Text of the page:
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Homework Help: Spring Pendulum - Lagrangian Mechanics

  1. May 22, 2016 #1
    1. The problem statement, all variables and given/known data
    Please see attached image :)

    2. Relevant equations
    Euler-Lagrange Equation
    [itex] \frac{\partial{L}}{\partial{q}} - \frac{d}{dt}\frac{\partial{L}}{\partial{\dot{q}}} = 0[/itex]
    [itex] L = T - V[/itex]

    3. The attempt at a solution
    a. The potential energy V is the potential energy from the spring and the gravitational potential energy. The kinetic energy is the energy in the radial direction and in the theta direction.
    [tex] L = \frac{1}{2}m(\dot{r}^2+\dot{\theta}^2(r_0+r)^2) + mg(r_0+r)cos\theta - \frac{1}{2}kr^2[/tex]

    b. Use one Euler-Lagrange equation for r and one for theta and I get: [tex] m\dot{\theta}^2 + mgcos\theta - kr = \frac{d}{dt}(m\dot{r}) [/tex] [tex] -mg(r_0+r)sin\theta = \frac{d}{dt}(m\dot{\theta}(r_0+r)^2)[/tex]
    Which are the F=ma equation for the radial direction and the Torque = (d/dt) Angular momentum equation.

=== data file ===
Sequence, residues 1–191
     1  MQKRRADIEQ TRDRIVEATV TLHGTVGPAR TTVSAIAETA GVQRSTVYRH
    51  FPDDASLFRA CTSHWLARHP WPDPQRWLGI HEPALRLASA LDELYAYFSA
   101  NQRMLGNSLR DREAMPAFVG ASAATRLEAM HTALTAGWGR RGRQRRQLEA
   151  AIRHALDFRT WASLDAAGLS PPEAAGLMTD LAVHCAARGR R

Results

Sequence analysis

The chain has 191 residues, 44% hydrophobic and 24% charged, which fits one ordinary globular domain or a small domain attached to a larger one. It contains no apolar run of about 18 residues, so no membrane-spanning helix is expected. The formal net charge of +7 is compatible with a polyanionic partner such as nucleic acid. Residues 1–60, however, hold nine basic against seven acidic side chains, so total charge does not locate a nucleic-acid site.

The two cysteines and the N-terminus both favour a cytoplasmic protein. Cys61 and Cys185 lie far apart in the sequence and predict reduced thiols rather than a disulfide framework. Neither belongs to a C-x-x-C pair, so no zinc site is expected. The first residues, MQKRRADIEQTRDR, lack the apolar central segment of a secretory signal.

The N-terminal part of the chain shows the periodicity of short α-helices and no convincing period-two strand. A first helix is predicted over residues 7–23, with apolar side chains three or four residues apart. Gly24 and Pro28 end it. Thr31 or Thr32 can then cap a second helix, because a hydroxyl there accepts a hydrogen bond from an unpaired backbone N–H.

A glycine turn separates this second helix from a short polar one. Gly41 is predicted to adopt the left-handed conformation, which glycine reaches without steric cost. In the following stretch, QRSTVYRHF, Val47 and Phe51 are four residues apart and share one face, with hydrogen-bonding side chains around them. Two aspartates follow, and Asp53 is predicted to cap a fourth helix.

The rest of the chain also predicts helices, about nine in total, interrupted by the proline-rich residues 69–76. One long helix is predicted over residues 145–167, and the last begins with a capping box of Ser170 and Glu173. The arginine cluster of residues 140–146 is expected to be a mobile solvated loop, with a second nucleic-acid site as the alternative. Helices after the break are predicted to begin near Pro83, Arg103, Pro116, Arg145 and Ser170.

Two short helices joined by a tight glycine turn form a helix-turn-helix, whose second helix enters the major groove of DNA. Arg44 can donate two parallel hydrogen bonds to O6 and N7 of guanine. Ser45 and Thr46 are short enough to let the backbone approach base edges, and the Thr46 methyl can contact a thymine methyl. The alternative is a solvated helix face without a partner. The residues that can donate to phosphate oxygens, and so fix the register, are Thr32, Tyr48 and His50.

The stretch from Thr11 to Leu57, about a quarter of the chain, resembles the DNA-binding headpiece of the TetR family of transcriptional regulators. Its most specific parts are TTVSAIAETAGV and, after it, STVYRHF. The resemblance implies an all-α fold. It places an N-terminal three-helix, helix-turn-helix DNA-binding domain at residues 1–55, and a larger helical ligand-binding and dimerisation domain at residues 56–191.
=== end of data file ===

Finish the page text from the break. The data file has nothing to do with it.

c. Confused here, if angular position and velocity are to be fixed, I assume they mean [itex] \theta [/itex] and [itex] \dot{\theta}[/itex], do I consider them both to be zero, or just a constant number? And if the position is fixed doesn't that mean that the velocity should be zero? Is this a differential equation I have to solve?

    d. and e. Need c to continue.

    Any help is appreciated, thanks !

    Attached Files:

  2. jcsd
  3. May 23, 2016 #2


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    "Fixed" means "constant." The position and velocity aren't actually fixed (so ##\dot{\theta} \ne 0##), but because the timescale over which the radial motion occurs is so short, you can analyze the motion as if ##\theta## and ##\dot{\theta}## were constant. It's an approximation.

    By the way, the first term in the radial differential equation is incorrect.
  4. May 23, 2016 #3
    Thanks I must have missed a (r_0 + r) factor in the first term when I was putting it into tex, I'll give it a shot with theta and theta dot as constants.
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